Cypriots defy ban to protest again over corruption, coronavirus curbs Reuters via biedex.markets

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© Reuters. Cypriots march peacefully against corruption and COVID-19 restriction measures in Nicosia

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NICOSIA (Reuters) – Thousands of Cypriots protesting against coronavirus restrictions and corruption held a peaceful march on Saturday in defiance of a ban on gatherings.

The event, held following a violent crackdown by police of a previous protest which triggered widespread criticism last week, saw marchers holding flowers and banners parade through a central thoroughfare in the capital Nicosia to the island’s parliament.

Protesters wearing face masks were observed at a distance by police.

Cyprus, which has fared better than most countries in handling the pandemic, has been in and out of lockdown for about a year. However, disclosures of perceived corruption from a passport-for-investment scheme has fueled public discontent.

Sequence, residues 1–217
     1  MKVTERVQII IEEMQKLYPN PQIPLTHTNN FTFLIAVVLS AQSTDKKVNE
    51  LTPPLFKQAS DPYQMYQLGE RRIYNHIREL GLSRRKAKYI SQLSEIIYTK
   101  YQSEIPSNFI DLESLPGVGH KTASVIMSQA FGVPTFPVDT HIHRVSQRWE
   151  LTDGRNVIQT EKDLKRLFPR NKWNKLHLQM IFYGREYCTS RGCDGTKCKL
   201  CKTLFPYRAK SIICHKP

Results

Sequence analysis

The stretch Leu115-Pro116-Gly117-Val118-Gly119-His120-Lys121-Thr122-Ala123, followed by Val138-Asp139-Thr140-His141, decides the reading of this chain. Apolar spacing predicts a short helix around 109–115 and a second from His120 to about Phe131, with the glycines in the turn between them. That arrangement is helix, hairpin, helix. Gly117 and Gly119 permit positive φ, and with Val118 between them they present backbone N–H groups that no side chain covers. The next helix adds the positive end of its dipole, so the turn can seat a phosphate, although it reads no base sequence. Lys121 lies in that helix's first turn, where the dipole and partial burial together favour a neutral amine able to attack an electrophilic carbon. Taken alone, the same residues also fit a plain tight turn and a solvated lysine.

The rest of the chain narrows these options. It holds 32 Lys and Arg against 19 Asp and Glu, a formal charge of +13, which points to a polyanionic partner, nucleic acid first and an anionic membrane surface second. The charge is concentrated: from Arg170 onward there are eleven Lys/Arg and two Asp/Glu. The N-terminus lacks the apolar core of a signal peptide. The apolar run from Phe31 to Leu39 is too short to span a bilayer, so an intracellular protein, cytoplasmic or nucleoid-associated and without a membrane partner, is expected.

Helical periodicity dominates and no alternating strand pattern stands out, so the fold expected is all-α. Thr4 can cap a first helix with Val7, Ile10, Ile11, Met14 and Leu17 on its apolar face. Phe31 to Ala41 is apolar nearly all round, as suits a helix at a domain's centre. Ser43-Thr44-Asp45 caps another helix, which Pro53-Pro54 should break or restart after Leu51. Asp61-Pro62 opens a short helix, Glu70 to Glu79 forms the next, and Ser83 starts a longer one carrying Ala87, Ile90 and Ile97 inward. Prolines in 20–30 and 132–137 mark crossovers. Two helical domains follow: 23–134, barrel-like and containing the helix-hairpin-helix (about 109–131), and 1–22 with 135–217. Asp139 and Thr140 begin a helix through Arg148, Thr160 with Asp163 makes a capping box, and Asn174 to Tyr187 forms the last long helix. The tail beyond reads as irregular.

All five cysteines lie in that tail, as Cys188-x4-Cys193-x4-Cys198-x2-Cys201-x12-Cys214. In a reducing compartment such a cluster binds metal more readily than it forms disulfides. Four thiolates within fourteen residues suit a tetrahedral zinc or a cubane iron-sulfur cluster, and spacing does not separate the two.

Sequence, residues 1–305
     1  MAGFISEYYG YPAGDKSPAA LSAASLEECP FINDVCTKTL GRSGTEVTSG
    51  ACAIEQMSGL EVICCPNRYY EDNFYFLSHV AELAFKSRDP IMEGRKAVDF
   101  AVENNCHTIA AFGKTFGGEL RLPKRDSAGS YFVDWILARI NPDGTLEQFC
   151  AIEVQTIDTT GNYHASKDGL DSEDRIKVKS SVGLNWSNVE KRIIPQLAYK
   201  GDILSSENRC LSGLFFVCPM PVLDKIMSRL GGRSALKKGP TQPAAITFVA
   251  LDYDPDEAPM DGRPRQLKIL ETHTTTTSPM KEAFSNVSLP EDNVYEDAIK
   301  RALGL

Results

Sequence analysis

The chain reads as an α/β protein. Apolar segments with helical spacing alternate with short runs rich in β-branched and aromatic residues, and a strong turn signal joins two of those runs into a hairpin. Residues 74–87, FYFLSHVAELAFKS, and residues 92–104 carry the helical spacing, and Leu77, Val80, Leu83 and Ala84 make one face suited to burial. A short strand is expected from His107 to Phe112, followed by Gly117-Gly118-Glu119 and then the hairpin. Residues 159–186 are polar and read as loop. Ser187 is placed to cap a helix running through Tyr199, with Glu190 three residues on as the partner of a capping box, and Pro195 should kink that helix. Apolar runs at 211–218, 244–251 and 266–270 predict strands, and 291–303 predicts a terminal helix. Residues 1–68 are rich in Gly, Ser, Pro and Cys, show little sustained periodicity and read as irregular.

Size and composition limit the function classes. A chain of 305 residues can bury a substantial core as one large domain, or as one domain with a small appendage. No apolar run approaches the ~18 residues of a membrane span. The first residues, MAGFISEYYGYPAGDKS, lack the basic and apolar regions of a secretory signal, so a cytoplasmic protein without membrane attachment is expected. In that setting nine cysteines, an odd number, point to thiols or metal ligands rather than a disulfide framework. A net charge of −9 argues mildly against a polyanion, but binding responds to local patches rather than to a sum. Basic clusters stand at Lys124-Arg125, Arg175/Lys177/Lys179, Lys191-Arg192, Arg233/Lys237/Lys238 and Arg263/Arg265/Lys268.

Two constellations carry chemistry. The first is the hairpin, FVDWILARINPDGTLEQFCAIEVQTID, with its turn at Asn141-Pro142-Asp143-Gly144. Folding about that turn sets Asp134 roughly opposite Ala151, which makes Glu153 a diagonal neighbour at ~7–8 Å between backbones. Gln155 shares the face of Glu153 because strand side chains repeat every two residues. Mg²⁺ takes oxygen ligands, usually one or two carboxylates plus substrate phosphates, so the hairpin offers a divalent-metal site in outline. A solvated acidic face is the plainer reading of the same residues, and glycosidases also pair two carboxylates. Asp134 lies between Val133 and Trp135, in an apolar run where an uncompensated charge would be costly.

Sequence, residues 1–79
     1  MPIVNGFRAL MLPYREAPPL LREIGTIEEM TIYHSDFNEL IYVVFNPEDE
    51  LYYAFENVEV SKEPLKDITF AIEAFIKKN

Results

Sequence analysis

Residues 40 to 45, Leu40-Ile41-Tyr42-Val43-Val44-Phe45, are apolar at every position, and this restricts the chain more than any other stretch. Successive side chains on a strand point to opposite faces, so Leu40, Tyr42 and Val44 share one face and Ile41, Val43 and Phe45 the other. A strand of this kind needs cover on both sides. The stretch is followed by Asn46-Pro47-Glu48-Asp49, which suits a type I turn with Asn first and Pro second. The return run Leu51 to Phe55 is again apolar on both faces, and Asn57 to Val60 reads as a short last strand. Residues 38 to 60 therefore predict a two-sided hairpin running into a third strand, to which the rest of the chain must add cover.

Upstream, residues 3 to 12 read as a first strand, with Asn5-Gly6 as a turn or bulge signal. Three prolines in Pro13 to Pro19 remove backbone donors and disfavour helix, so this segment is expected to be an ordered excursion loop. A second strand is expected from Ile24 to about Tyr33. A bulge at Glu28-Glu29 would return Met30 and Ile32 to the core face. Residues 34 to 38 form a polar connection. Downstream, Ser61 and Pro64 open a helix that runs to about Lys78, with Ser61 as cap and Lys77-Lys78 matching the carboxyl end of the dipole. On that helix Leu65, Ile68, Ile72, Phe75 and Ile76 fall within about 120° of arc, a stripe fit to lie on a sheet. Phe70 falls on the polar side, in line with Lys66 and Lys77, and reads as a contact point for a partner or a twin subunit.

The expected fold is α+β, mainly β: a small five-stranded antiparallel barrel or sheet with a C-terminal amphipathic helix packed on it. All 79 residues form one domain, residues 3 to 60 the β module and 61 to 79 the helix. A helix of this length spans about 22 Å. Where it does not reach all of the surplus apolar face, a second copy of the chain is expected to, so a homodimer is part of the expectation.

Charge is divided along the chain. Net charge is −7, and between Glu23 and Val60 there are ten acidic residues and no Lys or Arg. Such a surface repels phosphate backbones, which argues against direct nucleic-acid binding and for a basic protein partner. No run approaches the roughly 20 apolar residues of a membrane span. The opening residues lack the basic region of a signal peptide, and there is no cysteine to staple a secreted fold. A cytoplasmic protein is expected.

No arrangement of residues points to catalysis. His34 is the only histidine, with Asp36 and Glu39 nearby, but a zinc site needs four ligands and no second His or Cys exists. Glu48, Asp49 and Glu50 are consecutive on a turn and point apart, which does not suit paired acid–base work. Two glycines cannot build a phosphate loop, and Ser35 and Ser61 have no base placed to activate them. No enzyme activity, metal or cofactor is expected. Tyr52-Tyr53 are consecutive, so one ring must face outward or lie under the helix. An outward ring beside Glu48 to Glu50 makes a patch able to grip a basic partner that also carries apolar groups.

“I feel like my future is just hanging by a thread. There are no jobs, but those governing and their buddies are getting rich,” said one protester identified only as Ioanna, 24.

A smaller protest held on Feb. 13 was met with a heavy-handed response by police, who clashed with demonstrators and deployed water cannon. The incident triggered a police inquiry and admissions by the island’s justice minister that some scenes showed a disproportionate reaction.

On Saturday, the water cannon was kept at a distance, parked about two kilometres away within the medieval walls of the capital Nicosia.

The passport scheme was abruptly pulled by authorities last year after the Al Jazeera news network showed individuals allegedly willing to facilitate citizenship for a fictitious investor with a criminal record, and which they subsequently denied. The scheme is also being probed by an independent board of inquiry.

“Down with the Junta of the Partitionist,” read one banner, with the word ‘partitionist’ a play on the name of President Nicos Anastasiades, referring to the ethnic division of the island populated by Greek and Turkish Cypriots.